We observed no differences in body weight or composition between WT and HSA-Cre mice fed either a LFD or HFD for 12 weeks (Fig. 1a, b). However, while HSA-Cre mice fed a LFD demonstrated no change in glucose tolerance and circulating insulin levels, robust improvements in both variables were observed in HFD-fed HSA-Cre mice (Fig. 1c, d).

Fig. 1
figure 1

Improved glucose tolerance in HSA-Cre mice. (a) Body weight (n = 6), (b) body composition (n = 3), (c) glucose tolerance (n = 13) and (d) circulating insulin levels (n = 5–6) in tamoxifen-treated WT and HSA-Cre mice supplemented with either a LFD or HFD for 8 weeks. (e, i) Insulin tolerance (e, n = 5; i, n = 9) and (f–h, jl) insulin signalling (Akt, GSK3β and mTOR phosphorylation) in gastrocnemius muscle (n = 4–5) from tamoxifen-treated WT and HSA-Cre mice supplemented with a LFD (eh) or HFD (il) for 9 weeks. (m) Insulin and glucagon staining of pancreatic islets from tamoxifen-treated WT and HSA-Cre mice supplemented with a LFD (n = 4). Scale bars, 10 μm. (n) mRNA profiling of key genes regulating pancreatic function in pancreases from tamoxifen-treated WT and HSA-Cre mice supplemented with a LFD (n = 3–4). FC, fold change. (o) Glucose tolerance (n = 6) and (p) circulating insulin levels (n = 3–5) in corn-oil-treated WT and HSA-Cre mice supplemented with either a LFD or HFD for 8 weeks. (q) Insulin tolerance in corn-oil-treated WT and HSA-Cre mice supplemented with either a LFD or HFD for 9 weeks (n = 6). White bars/squares, LFD WT mice; light-grey bars/triangles, LFD HSA-Cre mice; dark-grey bars/squares, HFD WT mice; hatched bars/black squares, HFD HSA-Cre mice. Values are means ± SEM. Differences were determined using two-way ANOVA, followed by Bonferroni post hoc analysis. *p < 0.05 vs WT counterpart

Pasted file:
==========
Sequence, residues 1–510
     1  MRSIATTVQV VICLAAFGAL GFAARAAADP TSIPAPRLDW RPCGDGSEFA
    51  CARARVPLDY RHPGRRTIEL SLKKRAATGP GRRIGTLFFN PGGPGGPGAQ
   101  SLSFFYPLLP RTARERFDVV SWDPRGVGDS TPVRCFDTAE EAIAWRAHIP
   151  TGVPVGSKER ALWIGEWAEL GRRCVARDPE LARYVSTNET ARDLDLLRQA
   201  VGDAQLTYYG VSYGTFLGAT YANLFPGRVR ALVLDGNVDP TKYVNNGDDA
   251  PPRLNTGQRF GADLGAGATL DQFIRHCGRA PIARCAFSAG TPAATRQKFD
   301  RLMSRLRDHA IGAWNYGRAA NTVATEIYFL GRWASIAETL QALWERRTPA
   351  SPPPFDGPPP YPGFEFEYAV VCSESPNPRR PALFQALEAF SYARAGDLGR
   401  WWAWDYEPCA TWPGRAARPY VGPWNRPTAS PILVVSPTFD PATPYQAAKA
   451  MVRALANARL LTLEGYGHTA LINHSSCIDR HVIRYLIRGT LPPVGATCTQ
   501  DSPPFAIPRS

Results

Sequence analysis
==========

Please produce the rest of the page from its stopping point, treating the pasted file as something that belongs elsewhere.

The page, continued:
Insulin tolerance and signalling are not changed in HSA-Cre mice

WT and HSA-Cre mice fed a LFD exhibited similar insulin sensitivity during an i.p. insulin tolerance test (Fig. 1e), whereas phosphorylation of canonical members of the insulin signalling pathway (Akt, GSK3β, mTOR) was similar in gastrocnemius muscles following a 2 h fast (Fig. 1f–h). These indices of insulin sensitivity were also similar between WT and HSA-Cre mice fed a HFD (Fig. 1i–l). Importantly, insulin and glucagon staining-based immunohistochemistry revealed no discernible differences in islet morphology, whereas mRNA expression of key genes regulating pancreatic function was also similar between tamoxifen-treated WT and HSA-Cre mice (Fig. 1m, n). In addition, we could not detect mRNA expression for Cre recombinase in pancreatic (islet) tissues of HSA-Cre mice (data not shown).